Sarah Bystrom is a sales director and working mother of a family of four in Bend. She and her husband are raising two boys—one 3 years old and another age 20-months. On a workday, Bystrom leaves the house at 7:20 am to drop her youngest son at his daycare in northwest Bend and her older son at preschool in northeast Bend. She then starts work at 8:10. At noon, she picks up her older son from preschool. Once home, he ideally takes a nap, and then at 3 pm she picks up her younger son.
“It’s a lot of travel,” Bystrom said. She says she feels lucky that both she and her husband work for companies that “recognize the parent struggle right now.”
When the family moved here a few years ago, Bend was already a child care desert. According to a 2019 Oregon State University study, families with children under the age of 3 in every county in Oregon live in a child care desert. Less than a quarter of Oregon’s children 5 and under have access to a regulated child care—12% of infants and toddlers and 29% of preschool-age children.
In Bend, there’s one opening for every three or more children who need one. In November 2019, regional businesses, early learning and health organizations and the Bend Chamber hired a Central Oregon childcare accelerator to try to address the issue. However, the position was disbanded earlier this year due to changing priorities and a lack of funding once the pandemic hit.
Based on data from NeighborImpact, Ben Hemson, the City of Bend’s business advocate in the Department of Economic Development, estimates that available child care slots declined this year from about 5,000 before the pandemic to about 1,600.
To try to help new programs open, the Bend City Council voted unanimously on Dec. 2 to fully exempt child care providers from transportation system development charges through December 2022. SDCs are fees assessed to offset the impact that new or expanding development has on public infrastructure. (Previously providers received a 70% exemption.) The Council also relaxed some zoning regulations to make finding suitable buildings easier, and City staffers are in conversation with a few large employers about establishing child care centers.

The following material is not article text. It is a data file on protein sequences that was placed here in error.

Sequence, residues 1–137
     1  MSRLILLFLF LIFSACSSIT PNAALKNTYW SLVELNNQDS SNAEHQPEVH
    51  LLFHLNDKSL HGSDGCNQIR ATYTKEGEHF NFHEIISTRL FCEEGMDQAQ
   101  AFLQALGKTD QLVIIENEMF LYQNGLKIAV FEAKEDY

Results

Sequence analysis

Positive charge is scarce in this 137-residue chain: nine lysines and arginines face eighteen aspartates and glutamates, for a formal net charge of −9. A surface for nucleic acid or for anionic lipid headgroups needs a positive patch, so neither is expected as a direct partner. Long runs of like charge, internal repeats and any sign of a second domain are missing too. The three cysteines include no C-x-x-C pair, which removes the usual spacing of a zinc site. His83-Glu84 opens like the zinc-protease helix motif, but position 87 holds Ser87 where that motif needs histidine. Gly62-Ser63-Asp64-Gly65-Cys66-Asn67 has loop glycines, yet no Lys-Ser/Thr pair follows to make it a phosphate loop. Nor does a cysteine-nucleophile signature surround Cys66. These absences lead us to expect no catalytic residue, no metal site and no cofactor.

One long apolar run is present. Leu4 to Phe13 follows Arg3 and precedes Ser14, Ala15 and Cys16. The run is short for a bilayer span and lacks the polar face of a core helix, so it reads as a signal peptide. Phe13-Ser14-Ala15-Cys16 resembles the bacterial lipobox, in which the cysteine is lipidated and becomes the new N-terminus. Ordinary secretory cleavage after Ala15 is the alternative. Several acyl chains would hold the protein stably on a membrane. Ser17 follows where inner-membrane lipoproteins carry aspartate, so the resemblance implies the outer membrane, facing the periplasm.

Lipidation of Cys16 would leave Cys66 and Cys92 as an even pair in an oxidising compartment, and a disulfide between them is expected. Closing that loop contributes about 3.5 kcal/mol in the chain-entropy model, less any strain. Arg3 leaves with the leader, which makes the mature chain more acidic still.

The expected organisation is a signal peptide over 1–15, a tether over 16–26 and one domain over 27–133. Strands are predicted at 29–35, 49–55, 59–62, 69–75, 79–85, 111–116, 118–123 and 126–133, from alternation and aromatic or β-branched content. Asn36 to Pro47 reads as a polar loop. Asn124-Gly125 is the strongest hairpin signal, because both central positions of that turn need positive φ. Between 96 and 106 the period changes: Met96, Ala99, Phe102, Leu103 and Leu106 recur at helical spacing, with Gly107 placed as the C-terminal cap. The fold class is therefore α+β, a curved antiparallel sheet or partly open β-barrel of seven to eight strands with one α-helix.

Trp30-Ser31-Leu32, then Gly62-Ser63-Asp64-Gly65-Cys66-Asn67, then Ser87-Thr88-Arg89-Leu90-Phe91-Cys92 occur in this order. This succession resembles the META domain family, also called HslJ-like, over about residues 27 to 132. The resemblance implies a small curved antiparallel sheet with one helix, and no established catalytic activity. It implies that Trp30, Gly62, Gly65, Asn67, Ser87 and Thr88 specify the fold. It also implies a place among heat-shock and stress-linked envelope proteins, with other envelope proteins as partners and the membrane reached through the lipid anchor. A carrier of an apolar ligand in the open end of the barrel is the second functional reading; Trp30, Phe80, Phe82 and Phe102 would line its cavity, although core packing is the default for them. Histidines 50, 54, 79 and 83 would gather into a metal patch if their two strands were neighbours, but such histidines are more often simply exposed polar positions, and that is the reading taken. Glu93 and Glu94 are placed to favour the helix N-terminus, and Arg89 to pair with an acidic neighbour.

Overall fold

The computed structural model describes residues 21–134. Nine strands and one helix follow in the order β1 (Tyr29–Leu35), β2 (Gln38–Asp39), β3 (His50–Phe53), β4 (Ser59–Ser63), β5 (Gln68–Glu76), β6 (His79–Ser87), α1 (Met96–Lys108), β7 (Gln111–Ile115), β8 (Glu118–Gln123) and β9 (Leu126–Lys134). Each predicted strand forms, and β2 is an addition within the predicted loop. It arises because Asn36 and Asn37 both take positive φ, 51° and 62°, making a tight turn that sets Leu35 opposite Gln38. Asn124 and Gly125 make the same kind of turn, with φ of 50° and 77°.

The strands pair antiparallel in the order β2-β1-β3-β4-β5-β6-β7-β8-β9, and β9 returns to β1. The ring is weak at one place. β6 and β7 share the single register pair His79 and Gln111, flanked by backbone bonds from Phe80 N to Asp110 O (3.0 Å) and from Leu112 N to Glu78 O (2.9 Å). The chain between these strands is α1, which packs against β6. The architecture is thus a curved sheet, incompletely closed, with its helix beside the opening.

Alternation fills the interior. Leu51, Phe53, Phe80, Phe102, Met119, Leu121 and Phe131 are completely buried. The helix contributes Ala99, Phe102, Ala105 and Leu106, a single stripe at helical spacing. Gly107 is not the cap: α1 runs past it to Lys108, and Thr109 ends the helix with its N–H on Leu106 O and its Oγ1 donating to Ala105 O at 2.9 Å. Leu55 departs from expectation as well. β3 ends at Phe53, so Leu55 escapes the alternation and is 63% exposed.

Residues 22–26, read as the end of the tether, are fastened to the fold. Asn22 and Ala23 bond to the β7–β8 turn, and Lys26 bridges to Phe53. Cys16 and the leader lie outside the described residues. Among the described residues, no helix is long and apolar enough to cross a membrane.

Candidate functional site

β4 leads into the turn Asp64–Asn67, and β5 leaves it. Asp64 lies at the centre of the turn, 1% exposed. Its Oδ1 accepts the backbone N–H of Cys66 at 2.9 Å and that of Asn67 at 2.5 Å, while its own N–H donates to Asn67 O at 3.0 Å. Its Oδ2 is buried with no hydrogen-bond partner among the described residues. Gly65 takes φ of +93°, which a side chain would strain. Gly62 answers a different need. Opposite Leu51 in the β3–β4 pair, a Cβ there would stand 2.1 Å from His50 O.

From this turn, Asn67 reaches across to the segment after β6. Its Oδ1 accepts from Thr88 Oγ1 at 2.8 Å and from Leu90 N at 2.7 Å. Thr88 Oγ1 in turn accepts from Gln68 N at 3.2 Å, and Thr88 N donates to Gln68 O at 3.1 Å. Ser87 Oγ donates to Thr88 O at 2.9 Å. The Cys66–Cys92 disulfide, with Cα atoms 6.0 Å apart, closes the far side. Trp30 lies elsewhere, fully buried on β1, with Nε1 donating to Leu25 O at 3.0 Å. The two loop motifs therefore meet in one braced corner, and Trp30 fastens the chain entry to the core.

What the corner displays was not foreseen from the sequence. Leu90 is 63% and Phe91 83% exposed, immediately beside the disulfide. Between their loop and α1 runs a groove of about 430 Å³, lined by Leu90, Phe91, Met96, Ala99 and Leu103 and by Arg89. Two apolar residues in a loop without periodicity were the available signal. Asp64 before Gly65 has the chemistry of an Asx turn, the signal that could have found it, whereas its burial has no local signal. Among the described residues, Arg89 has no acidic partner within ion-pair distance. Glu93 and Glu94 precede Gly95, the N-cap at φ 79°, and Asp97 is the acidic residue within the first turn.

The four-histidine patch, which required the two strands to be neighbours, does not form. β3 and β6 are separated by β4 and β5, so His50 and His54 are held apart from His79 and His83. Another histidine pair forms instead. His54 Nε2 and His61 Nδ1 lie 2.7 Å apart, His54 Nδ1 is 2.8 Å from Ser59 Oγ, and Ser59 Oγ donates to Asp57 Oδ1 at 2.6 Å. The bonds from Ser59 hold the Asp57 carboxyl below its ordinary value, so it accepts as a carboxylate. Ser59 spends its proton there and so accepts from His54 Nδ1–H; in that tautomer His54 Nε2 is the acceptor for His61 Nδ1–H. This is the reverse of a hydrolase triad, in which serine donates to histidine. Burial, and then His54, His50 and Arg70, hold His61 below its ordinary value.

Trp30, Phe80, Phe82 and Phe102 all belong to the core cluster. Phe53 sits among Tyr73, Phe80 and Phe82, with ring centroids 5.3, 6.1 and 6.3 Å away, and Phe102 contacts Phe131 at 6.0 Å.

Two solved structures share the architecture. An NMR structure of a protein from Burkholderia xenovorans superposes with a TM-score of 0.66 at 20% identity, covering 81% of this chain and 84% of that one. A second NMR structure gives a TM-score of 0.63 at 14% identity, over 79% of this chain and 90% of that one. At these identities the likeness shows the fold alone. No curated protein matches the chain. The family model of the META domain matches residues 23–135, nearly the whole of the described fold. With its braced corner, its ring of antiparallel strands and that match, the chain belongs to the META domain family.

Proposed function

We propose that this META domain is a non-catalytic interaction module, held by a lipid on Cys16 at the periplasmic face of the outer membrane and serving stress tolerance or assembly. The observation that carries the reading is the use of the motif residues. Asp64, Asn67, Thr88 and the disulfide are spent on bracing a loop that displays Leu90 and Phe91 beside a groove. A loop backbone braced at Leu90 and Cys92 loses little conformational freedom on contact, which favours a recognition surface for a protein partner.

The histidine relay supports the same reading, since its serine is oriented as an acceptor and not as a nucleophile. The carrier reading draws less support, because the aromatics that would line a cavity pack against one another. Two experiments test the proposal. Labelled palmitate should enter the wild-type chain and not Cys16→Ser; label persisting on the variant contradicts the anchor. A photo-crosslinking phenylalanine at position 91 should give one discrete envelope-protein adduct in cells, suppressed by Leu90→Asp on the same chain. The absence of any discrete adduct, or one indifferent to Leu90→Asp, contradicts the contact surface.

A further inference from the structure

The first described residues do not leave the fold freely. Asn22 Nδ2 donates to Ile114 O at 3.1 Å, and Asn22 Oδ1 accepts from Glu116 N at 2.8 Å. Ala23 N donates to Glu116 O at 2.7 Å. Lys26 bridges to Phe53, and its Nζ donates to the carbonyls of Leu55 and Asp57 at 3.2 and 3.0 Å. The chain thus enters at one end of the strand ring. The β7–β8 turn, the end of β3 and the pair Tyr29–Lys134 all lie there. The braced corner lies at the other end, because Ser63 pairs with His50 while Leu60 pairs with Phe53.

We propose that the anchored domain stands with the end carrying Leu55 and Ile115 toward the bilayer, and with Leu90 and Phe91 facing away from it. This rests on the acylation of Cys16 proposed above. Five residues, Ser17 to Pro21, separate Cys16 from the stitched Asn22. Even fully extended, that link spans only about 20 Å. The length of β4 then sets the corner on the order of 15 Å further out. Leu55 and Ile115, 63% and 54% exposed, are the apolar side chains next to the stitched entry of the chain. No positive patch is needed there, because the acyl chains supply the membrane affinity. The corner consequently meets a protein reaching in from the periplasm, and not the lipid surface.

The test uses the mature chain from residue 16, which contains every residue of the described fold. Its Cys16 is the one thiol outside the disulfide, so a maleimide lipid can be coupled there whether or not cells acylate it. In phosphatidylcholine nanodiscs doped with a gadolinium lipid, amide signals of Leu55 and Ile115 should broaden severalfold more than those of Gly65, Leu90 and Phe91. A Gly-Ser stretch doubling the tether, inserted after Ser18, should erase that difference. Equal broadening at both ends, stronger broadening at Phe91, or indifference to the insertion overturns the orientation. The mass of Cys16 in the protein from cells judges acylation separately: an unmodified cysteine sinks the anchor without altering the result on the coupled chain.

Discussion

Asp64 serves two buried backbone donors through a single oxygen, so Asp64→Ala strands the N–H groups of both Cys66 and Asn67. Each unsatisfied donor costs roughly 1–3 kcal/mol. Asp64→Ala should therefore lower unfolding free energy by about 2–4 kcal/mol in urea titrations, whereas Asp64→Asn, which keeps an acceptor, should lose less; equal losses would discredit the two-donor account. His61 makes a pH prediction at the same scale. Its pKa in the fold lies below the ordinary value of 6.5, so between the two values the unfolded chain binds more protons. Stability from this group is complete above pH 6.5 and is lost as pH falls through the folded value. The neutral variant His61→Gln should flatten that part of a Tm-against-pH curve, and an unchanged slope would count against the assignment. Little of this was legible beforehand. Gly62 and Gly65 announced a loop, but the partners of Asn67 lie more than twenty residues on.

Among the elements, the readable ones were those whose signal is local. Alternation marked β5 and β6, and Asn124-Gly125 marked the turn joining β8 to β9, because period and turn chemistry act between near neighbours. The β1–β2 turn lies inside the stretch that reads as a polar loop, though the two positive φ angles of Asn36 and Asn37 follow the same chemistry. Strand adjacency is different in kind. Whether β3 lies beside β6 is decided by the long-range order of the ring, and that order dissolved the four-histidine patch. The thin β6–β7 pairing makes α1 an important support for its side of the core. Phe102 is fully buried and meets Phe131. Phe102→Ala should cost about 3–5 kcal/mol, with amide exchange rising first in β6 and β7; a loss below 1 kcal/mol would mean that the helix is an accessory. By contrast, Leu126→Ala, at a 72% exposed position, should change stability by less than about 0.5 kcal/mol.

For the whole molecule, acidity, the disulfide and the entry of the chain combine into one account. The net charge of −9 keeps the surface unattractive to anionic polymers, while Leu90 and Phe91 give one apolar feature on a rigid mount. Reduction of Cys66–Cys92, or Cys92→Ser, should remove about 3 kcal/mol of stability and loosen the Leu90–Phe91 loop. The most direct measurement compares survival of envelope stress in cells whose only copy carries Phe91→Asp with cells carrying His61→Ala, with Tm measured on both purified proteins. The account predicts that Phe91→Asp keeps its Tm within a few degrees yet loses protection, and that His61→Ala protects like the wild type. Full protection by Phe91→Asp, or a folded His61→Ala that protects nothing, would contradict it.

“We have this process where we try to grab a child care provider when they start trying to permit their center, and we walk them through the process,” Hemson said.
Earlier this year, the City allocated $650,000 in CARES Act funding received in March to help struggling child care providers weather the pandemic, tapping NeighborImpact to distribute the funds. Along with tuition assistance programs, NeighborImpact provides business coaching, training in early education and technical assistance to current child care providers. Like City staff, it also coaches potential new providers through the application process.
Denise Hudson, NeighborImpact’s child care resources coordinating specialist, spearheaded the effort to disperse the CARES Act funding.
“We were able to give grants out to 103 providers in Deschutes County,” Hudson explains. “And there were four focus points as far as applying for money.”
The focus points provided funding to cover increased operational costs (like personal protective equipment, cleaning supplies and additional classroom supplies), costs of opening classes for school-aged children without care due to school closure, costs of opening weekends and evening programs and lost income from decreased attendance, like when the schools closed in March.
“We also did a few startup grants for a few programs that had already reached out to us,” Karen Prow, the nonprofit’s child care resources director, said. “They wanted to work with us on Baby Promise, which is another program that we do here at NeighborImpact.”
Baby Promise funds child care for up to 109 children at multiple providers in Crook, Deschutes and Jefferson counties and Warm Springs. NeighborImpact also partners with Early Learning Hub of Central Oregon to provide business coaching to Baby Promise providers.
Potential Long-Term Solutions
Early Learning Hub of Central Oregon and NeighborImpact want to address staffing and business challenges for child care providers. For example, along with developing substitute-teacher pools like K-12 has, regional ELH Director Brenda Comini said they’re looking into “micro-center models” for managing administrative tasks. Under the model, a main provider would oversee much of the administrative tasks, like paperwork, finding substitute teachers, ordering supplies and meals and maintaining licensing. Actual child care services would happen in smaller centers located throughout the service area—potentially carved out of spaces in larger buildings, like churches, community centers or office buildings, she said.
Comini says ELH is also looking to expand the supply of good teachers through Partners in Practice, a partnership with NeighborImpact and Central Oregon Community College.
“Providers can go to school and get certificates and move toward associate degrees and beyond in early care and education with tuition and books paid,” Comini said. The classes cater to current workers and occur during nontraditional hours.